Archives for October 2009

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Black Swan Investing

Carl from Behavior Gap recently posed an important question over at Morningstar’s blog. He asks whether laziness is a significant motivator in investment advisors’ tendency to steadfastly recommend a buy and hold strategy. Carl writes,

“I have found that there is a subculture in the advice industry that dismisses any inquiry about the economy, the markets, or anything other than buying and holding, as speculation.”

He then continues,

“I have recently asked questions about:

  1. The fact that total debt to GDP is over 350% and that is 2x higher than it was in the 1920’s (see chart).
  2. Nassim Taleb’s great books: The Black Swan and Fooled By Randomness.
  3. The work of Benoit Mandlebrot on risk (see this book and this Morningstar Conversation).

…People dismiss the questions as foolishness without even considering them.”

I absolutely agree that it’s worth thinking critically about investment strategies. Whatever strategy you choose to follow, you must have a deep understanding of why you’re following it, otherwise you’ll be unable to stick with it.

Placing Bets

On the other hand, I have my doubts as to the value of attempting to work economic indicators into one’s investment strategy. Take, for example, the above-mentioned 350% debt to GDP ratio. What do you do with that piece of information? In order to make use of it, you need to actually change your strategy in some way.

You have to make a bet. Overweight or underweight something relative to a simple market-cap-weighted portfolio. Or, rather than buying and holding, attempt to use that information to predict where a particular asset class is heading next.

Instead, I choose to bet against anybody’s predictive abilities (including my own).

Planning for the Unpredictable

Incidentally, a large part of my reasoning is exactly what Carl referenced in his post: the concept of the “unknown unknown” or, to use the current catch phrase, the black swan.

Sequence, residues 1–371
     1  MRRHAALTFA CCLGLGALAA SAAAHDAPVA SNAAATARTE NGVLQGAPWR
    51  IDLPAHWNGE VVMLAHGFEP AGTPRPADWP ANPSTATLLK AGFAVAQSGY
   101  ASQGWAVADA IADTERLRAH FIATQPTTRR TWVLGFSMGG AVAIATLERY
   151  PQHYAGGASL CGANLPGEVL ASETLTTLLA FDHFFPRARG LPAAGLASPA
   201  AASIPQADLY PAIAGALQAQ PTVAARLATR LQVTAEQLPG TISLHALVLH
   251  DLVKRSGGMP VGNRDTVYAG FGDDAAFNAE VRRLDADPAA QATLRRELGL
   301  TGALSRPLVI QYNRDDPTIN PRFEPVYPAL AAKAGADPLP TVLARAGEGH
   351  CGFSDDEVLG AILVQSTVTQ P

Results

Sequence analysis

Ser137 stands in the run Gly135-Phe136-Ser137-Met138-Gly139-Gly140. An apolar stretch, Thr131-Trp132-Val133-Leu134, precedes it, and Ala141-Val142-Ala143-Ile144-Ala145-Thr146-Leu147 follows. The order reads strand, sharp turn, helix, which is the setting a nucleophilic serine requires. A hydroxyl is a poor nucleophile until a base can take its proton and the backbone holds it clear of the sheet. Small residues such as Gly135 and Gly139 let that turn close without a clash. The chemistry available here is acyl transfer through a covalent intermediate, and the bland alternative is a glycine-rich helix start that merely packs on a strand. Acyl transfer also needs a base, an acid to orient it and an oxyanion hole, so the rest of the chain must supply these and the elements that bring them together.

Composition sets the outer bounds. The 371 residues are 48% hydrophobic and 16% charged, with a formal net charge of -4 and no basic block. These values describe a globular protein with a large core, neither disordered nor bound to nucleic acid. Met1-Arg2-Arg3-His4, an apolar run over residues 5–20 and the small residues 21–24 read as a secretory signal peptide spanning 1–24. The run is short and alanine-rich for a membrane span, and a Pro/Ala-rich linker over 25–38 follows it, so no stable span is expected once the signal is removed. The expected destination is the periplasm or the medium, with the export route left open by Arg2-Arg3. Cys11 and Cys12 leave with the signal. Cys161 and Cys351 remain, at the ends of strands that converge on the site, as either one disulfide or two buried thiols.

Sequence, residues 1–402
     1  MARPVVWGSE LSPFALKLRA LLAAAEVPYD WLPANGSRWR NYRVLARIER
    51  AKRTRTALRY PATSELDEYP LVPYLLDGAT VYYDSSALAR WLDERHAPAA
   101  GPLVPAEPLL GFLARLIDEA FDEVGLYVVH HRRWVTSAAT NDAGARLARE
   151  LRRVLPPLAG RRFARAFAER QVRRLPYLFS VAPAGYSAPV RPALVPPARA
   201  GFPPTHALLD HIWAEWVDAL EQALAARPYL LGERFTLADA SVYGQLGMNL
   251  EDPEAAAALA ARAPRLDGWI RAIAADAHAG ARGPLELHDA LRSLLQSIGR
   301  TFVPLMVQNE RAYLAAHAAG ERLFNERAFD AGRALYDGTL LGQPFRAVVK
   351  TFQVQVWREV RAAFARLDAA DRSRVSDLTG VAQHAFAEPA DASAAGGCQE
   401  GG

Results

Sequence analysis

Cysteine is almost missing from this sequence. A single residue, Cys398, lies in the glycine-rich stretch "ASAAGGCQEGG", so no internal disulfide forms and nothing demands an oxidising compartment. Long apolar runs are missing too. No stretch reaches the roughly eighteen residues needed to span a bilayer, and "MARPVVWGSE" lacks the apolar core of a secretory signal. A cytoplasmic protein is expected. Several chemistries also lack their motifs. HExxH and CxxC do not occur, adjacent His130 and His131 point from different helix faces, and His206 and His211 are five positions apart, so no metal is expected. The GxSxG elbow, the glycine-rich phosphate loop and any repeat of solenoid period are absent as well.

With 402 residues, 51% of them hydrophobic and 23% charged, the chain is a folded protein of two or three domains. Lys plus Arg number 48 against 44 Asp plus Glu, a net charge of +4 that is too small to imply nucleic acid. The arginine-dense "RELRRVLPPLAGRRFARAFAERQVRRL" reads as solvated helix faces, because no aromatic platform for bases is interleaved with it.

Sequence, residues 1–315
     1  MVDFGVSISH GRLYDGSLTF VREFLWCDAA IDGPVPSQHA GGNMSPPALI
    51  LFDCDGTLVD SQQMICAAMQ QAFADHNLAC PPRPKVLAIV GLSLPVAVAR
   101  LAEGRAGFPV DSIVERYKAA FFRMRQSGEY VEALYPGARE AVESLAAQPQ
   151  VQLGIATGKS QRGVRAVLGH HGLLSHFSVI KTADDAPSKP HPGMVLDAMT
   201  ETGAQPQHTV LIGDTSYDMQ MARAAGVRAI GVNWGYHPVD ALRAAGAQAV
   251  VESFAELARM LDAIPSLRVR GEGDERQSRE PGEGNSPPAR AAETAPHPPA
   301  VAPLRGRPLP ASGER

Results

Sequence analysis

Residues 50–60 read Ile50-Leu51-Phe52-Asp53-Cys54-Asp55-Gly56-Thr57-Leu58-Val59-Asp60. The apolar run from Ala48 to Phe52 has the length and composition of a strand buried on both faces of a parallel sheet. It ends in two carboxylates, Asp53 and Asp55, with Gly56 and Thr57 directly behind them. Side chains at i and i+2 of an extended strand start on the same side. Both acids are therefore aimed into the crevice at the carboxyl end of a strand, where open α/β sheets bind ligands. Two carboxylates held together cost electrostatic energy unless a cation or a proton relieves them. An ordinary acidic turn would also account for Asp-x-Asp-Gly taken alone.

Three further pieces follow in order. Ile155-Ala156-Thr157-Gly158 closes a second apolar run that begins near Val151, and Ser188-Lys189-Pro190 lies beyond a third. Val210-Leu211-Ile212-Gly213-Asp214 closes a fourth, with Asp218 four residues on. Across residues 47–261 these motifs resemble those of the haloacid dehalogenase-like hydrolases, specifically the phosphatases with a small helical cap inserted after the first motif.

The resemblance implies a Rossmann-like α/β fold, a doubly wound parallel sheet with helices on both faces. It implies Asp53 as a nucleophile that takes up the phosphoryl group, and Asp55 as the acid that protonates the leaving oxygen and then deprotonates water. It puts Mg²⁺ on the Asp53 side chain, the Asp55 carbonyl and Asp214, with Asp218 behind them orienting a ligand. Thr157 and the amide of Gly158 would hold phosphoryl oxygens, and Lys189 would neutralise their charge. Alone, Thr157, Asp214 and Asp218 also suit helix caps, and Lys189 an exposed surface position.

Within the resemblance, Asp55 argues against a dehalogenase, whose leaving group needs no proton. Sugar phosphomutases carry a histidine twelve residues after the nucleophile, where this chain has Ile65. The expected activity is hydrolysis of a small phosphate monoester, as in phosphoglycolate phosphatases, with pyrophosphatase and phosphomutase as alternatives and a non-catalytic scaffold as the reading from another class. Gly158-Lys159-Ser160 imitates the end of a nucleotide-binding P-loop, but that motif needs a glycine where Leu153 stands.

Say you know Fact A, and you believe that A will cause Event X to occur. In a vacuum, you may be completely correct. But in the real world, there are also Facts B, C, D, and an infinite number of other facts that you’re entirely unaware of. And any one of those could potentially cause Event X not to occur.

And judging from history, what tends to happen is that while we’re debating whether Events X, Y, or Z will occur, Event Q sneaks up out of nowhere and screws up our plans beyond recognition.

My understanding is that the entire point of the black swan concept is that, rather than looking at some fact (350% debt to GDP ratio) and predicting a particular result, we should accept the fact that we’re not good at predicting major events. We should attempt to build a portfolio (and investment strategy) that recognizes that reality and deals with it appropriately.

My method of planning for the unpredictable is to:

Do I think that’s the only way to respond to an unpredictable investment environment? No. Not at all. But I have yet to encounter any strategy that I’d say is better than this one.

College Savings: Roth IRA, 529 Plan, or Coverdell?

A commonly-given piece of financial advice is to use a Roth IRA to save for your children’s college. For the most part, however, this isn’t a great idea.